We know, we know, we’re supposed to be generous to the old and infirm, and act like Helen Thomas is some sort of national treasure, but Jewdar is not inclined to be generous, nor to show any deference to someone who expresses the views expressed by Ms. Thomas in her recent Playboy interview. Jewdar has two big issues.
The first, is that, despite her claims that she’s merely “anti-Zionist,” she seems to consider “Jews” and “Zionists” as synonymous, and thus seamlessly shifts from discussing “Zionists,” the “Israel lobby” and “propagandists against the Arabs” to declaring there’s an open Jewish conspiracy at work in America that runs the country. If that’s not antisemitic, we’re not sure what is, even if Ms. Thomas wants to claim that Jews are “Europeans” and not “Semites (and somebody might want to let her know that the word “antisemitic” was specifically made up by an antisemite to refer to Jews).
A little antisemitic conspiracy theory, however, is not the sort of thing to get Jewdar too worked up. More critical for us is her continued assertion that Israelis don’t belong in the Land of Israel and should go back to Europe. Let’s leave aside, of course, the fact that at least 40% of Israel’s Jewish population is descended from Jews who lived in the Muslim world prior to 1948, many of whom were suffering at times considerable discrimination in their own lands, and in some cases, were expelled. Rather, let’s focus on this one line:
“Sure, the Israelis have a right to exist—but where they were born, not to come and take someone else’s home.”
We don’t care how grand a dame or doyenne or whatever it is she’s supposed to be she is, somebody has to let her know that over 60 years has passed since the founding of the State of Israel. The average Israeli wasn’t born somewhere else, he or she was born in Israel. And they aren’t taking someone else’s home, they are living in their own homes.
While Jewdar believes in the establishment of a Palestinian state in most of the West Bank and Gaza, and opposes the building of more settlements,etc. etc., we do so because we believe in human rights, and that the Palestinians who live in the West Bank are entitled to peace, and security and democracy. They don’t have a right to a state; they have a right to basic civil rights, and if Israel won’t give it to them within the framework of Israeli citizenship, then they need to let them have their own state.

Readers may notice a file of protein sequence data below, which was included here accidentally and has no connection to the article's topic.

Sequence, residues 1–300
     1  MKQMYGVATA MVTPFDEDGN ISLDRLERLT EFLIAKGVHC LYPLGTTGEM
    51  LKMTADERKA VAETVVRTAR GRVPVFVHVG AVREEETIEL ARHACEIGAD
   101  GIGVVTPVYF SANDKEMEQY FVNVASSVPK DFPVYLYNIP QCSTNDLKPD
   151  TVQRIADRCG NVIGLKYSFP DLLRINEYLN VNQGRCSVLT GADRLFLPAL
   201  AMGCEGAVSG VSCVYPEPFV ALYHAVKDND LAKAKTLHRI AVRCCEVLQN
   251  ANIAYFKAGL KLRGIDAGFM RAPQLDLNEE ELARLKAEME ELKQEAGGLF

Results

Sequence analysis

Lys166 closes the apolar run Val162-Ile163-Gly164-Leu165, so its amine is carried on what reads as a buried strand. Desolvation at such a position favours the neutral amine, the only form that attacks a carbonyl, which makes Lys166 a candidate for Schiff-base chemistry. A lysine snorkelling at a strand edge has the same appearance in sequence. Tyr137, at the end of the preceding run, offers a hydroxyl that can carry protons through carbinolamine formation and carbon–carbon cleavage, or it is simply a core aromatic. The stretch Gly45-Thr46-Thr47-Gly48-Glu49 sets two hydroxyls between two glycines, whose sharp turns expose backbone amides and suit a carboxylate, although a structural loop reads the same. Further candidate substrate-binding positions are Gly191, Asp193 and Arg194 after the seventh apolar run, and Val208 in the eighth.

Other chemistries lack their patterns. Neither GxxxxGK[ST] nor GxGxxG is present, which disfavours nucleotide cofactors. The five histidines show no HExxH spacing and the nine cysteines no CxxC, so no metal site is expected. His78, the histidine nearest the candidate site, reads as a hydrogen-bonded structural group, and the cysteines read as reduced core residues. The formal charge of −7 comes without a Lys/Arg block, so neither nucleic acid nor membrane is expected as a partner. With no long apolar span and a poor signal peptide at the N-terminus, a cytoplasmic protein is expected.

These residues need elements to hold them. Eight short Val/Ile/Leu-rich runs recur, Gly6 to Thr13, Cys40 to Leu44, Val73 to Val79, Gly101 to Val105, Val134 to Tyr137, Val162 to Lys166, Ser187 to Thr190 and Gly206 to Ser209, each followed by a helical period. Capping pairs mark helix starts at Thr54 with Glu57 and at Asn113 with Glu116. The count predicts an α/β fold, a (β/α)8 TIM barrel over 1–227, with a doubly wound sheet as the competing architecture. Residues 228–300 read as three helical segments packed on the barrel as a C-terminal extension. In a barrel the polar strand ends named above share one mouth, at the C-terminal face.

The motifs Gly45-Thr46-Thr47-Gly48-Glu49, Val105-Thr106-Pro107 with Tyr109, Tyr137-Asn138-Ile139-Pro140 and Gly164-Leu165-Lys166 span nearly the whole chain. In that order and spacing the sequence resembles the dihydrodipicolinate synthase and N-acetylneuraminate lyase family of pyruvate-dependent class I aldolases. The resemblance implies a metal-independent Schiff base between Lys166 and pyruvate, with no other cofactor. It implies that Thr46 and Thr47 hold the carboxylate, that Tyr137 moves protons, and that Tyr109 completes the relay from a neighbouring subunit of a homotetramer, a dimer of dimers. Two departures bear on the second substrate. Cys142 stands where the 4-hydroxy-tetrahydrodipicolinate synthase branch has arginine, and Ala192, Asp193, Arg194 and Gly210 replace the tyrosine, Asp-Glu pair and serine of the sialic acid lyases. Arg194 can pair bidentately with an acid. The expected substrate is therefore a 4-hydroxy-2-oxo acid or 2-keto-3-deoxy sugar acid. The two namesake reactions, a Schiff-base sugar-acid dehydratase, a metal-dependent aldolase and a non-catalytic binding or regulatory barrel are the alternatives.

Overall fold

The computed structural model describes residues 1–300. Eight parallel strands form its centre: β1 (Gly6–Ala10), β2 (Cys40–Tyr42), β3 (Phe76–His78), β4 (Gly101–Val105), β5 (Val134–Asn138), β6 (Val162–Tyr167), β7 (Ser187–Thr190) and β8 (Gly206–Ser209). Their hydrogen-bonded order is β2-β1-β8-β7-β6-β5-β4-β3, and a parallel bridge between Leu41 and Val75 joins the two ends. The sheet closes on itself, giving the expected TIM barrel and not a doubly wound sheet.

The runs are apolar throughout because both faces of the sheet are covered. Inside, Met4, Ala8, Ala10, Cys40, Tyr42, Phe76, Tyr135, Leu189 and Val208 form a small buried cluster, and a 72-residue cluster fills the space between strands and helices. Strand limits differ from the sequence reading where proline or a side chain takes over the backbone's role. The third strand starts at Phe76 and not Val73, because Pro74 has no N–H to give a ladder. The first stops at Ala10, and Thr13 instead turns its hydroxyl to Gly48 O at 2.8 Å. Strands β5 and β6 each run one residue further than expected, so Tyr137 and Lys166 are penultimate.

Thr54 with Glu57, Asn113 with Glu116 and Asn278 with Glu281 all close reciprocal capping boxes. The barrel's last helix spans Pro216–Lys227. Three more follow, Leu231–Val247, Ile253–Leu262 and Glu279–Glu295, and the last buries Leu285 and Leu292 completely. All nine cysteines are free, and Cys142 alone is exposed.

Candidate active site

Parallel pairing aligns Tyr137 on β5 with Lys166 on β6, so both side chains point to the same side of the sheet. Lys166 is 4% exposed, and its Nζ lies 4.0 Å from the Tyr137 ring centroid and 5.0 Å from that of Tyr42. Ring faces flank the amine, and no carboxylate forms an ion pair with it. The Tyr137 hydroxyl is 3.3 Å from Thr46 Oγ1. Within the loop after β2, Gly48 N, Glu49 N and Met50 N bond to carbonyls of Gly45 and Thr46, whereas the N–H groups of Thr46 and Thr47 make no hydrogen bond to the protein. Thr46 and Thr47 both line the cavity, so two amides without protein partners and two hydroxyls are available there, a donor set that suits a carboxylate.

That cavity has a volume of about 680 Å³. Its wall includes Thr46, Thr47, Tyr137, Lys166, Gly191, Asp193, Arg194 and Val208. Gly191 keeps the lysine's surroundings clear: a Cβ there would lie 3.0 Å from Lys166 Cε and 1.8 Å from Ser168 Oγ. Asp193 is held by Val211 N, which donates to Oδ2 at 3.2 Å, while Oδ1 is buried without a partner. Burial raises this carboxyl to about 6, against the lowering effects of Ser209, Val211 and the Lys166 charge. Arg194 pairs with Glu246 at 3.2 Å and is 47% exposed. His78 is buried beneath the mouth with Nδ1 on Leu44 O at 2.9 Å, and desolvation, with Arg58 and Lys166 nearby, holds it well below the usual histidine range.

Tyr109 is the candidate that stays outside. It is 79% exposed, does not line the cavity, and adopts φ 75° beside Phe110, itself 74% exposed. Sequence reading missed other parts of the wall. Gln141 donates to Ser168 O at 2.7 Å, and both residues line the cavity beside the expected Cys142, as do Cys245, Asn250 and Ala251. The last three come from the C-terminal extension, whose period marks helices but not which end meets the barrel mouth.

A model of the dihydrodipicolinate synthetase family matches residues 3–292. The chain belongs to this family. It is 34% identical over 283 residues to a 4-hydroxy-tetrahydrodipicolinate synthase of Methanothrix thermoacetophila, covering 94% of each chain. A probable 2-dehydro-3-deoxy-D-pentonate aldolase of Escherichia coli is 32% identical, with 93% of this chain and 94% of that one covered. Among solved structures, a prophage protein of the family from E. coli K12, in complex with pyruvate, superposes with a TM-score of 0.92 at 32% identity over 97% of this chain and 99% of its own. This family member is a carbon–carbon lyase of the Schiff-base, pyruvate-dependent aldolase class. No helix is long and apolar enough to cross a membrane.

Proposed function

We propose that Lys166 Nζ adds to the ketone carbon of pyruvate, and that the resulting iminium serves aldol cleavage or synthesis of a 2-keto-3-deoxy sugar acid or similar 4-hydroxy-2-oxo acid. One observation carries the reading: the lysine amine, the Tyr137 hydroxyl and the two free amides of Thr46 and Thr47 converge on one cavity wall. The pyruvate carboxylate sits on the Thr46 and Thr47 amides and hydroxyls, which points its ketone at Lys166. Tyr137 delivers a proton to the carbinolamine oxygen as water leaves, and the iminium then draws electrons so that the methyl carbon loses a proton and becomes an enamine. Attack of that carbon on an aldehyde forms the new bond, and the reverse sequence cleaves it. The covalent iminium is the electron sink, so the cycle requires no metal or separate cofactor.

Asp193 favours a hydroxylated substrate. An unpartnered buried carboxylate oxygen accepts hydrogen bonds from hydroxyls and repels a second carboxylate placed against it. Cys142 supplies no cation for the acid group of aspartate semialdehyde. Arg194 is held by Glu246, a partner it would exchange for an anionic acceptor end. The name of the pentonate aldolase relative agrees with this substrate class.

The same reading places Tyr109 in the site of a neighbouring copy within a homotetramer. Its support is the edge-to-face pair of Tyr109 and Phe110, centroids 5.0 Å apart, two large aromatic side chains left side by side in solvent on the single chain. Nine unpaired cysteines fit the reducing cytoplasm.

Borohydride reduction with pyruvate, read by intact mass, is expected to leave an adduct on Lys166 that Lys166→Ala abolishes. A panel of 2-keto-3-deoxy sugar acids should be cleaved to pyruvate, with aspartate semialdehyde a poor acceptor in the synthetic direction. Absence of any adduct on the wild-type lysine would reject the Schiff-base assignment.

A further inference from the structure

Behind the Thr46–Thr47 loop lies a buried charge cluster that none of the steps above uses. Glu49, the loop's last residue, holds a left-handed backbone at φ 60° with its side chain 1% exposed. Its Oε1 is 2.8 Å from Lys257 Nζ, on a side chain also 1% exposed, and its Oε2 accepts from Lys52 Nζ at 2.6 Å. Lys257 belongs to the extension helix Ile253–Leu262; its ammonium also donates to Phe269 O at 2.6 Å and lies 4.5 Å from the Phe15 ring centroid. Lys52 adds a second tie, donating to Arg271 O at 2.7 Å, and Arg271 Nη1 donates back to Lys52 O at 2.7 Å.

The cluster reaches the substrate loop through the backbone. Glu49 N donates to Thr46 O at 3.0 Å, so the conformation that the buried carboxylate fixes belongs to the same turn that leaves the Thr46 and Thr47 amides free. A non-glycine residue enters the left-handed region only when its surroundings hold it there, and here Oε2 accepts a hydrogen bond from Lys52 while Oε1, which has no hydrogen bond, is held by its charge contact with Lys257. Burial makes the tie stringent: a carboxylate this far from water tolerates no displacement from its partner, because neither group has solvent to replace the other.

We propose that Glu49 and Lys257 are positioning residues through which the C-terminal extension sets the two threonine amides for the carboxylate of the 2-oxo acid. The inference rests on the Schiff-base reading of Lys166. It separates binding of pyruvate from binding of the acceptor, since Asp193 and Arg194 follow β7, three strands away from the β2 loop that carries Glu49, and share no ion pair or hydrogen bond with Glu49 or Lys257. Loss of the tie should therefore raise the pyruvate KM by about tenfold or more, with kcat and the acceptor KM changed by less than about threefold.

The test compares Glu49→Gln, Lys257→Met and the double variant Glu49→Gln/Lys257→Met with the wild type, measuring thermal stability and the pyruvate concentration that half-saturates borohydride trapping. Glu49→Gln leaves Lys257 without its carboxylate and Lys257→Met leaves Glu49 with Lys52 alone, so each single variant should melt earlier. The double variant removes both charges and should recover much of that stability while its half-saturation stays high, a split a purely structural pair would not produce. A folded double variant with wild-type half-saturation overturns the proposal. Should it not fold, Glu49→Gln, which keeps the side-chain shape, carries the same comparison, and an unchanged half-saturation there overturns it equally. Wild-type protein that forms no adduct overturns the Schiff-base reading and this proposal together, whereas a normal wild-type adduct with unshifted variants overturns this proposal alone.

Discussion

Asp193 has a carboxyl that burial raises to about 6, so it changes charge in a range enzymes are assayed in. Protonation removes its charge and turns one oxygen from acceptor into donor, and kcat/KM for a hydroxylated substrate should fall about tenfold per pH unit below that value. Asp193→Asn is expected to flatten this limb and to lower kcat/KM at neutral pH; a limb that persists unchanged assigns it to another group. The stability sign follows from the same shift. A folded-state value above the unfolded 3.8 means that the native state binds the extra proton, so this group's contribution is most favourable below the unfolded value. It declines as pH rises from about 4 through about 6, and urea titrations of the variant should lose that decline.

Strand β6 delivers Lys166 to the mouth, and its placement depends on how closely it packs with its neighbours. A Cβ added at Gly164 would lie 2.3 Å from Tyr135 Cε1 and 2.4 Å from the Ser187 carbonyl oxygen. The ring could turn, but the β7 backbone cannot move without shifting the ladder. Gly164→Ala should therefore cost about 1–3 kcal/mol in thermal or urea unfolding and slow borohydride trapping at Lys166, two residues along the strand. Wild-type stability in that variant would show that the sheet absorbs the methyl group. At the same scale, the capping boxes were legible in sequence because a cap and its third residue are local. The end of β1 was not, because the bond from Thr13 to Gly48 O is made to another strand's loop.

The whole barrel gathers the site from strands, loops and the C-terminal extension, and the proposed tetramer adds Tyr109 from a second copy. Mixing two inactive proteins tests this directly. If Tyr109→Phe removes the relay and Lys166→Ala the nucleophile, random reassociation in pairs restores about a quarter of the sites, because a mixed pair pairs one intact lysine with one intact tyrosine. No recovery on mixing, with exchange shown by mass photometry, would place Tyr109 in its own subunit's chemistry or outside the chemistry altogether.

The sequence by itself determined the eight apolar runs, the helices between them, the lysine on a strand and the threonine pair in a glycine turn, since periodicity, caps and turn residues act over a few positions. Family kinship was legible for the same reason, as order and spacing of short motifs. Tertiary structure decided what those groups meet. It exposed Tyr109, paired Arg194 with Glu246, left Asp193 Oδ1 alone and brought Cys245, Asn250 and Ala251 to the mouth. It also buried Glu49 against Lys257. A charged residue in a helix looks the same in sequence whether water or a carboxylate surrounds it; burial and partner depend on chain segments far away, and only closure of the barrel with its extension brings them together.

Ms. Thomas, for all her blather, is no lover of human rights–rather, she is someone who seeks to redress the dispossession of hundreds of thousands of Palestinians during the ’48 War (most of whom were not explicitly expelled or driven out by Israel but fled as a result of the war launched by the Arab regimes) by dispossessing millions of Israelis. Palestinians have rights; so do Israelis. It’s not because God gave us the land, or some Jews lived there for thousands of years, or we won it fair and square in a war. They have rights because they are human beings who live there now, and have the same rights to peace and security and democracy that Ms. Thomas would like to extend to the Palestinians. Jewdar finds it repugnant when Jews advocate the dispossession of Palestinians; we find it at least as repugnant when Arabs advocate the dispossession of Jews.
Ms. Thomas has had a distinguished career, and has plenty of laurels to rest on. But if she chooses to punctuate that career with statements that deny the essential human rights of millions of Israelis, then Jewdar is perfectly fine with remembering her for that. For a journalist, there should be no greater tribute than to be remembered for your words.